Budget 2012: Mixed business reaction to Budget

Mixed business reaction to the 2012 Budget

George Osborne said the Budget "unashamedly backs business", but the business community has given it a mixed reaction.

The Institute of Directors welcomed the cut in corporation tax, but said the chancellor had not done enough overall to help firms.

Computer games industry veteran Ian Livingstone was pleased with the news of tax credits for his industry.

Mr Livingstone, life president of Eidos, said it was "very positive".

'Not enough'

Under the change to corporation tax, the basic rate will fall to 24% next month, down from the current 26%.

It will then be reduced to 23% next year and 22% in 2014. The rate for small firms will remain at 20%.

Simon Walker, director general of the Institute of Directors, said: "While any tax reduction is welcome, the chancellor has not done enough to free business from the burdens and barriers that are holding economic growth back.

"There was a bold move on corporation tax, but in the bigger picture, this is still not far enough or fast enough."

Start Quote

The UK's arrivals lounges are likely to be booming next year as entrepreneurs respond to a far more positive message from the chancellor”

End Quote Chris Sanger Head of tax policy at Ernst & Young

John Cridland, director general of the CBI, said the cut in corporation tax could "make a big difference".

"By seizing the opportunity to make sure our corporate tax system is more internationally competitive, he has sent a powerful signal to companies to invest, do business and create jobs in the UK," he added.

Mr Livingstone added that the introduction of tax credits for the video game, animation and TV production industries would "enable the UK to reclaim its positions as a world leader in games development".

"I'm delighted, we have been campaigning on this issue for a number of years," he said.

'No difference'

Brewer Chris Gill of Ascot Ales bemoaned the lack of any new support for the UK's micro breweries.

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With no change to the current 2% per year above inflation rise in alcohol duty, Mr Gill said his industry was "being strangled by punitive taxation".

"To me, it is a national scandal," he said. "The real ale industry is a growth industry, a growth manufacturing industry, which should be applauded and encouraged."

Hotelier David Groocock, owner of St Maur Hotel on the Isle of Wight, was also disappointed in the Budget.

"I don't think it is going to make any difference to my business at all," he said.

"For firms of my size, micro-businesses so to speak, the big problem remains a lack of help from the banks."

Jenny Lees, owner of Herefordshire-based dental care equipment company Dentanurse, gave the Budget a "mixed reaction".

She said: "What does interest me is the new grants for firms exporting, and the lower interest loans for small firms. I am certainly going to look at both of those.

"But small firms could have greatly benefited from a but in business rates, and we got nothing on that."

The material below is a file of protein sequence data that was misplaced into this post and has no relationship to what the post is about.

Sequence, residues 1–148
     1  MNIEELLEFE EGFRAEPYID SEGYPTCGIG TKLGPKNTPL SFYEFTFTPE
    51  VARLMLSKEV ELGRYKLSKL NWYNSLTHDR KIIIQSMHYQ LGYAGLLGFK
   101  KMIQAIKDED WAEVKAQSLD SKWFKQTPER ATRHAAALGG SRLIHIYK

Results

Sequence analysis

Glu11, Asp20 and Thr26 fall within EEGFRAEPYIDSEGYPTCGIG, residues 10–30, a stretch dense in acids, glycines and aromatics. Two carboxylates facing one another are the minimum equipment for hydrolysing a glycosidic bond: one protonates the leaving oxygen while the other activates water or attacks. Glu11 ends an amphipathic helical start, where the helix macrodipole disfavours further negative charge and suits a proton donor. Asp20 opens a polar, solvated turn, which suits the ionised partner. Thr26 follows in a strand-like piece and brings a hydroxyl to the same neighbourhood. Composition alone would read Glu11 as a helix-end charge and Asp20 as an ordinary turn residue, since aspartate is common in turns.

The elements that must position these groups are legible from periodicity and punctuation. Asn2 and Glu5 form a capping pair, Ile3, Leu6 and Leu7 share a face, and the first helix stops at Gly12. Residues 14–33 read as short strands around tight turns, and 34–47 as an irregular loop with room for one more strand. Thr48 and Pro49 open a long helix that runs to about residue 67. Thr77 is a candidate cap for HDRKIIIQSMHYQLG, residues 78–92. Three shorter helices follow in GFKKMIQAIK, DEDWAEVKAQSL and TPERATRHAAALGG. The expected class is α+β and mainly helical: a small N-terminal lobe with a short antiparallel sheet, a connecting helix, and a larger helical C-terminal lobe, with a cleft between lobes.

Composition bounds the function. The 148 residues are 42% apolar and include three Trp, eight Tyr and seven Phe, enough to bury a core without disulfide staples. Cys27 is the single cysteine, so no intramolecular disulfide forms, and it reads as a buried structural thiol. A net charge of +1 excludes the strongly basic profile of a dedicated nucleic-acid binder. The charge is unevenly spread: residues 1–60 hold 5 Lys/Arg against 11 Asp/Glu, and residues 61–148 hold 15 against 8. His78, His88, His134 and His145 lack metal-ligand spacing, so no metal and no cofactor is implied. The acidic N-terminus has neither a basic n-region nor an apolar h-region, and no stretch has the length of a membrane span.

'Positive message'

A stand-out Budget announcement was the decision to reduce the top rate of income tax from 50% to 45% from April next year.

Budget highlights for business

Basic rate of corporation tax to be cut from 26% to 24% next month. It will then fall to 23% next year, and 22% in 2014.

Top rate of income tax to go down from 50% to 45% from April 2013.

Tax relief for the video games, animation and high-end television production sectors.

Government considering enterprise loans for young people to start their own business.

Increased financial support for exporters.

Accountancy group Ernst & Young said this was a "positive" development.

"The UK's arrivals lounges are likely to be booming next year as entrepreneurs respond to a far more positive message from the chancellor," said Chris Sanger, head of tax policy at Ernst & Young.

"The chancellor has put the substance behind his rhetoric; the UK is open for business."

The Federation of Small Businesses (FSB) said it was pleased with some aspects of the Budget.

FSB national chairman John Walker said: "We are pleased with some of the actions to cut the burden of red tape, help to get our young workers into employment, and measures to improve access to finance.

"But, to ensure that businesses can be properly supported and to bring together the measures that have been announced, we are disappointed that there were no plans to look into setting up a small business administration - a department to champion small firms at the heart of government with a cabinet level minister."

Economist Brian Morgan, professor of entrepreneurship at Cardiff Metropolitan University, said there "was much to applaud" in the Budget.

"I particuarly like the new financial support for exporters, the enterprise loans for youngsters, and the changes on tax," he said.

"Reducing the top rate of income tax should be applauded."

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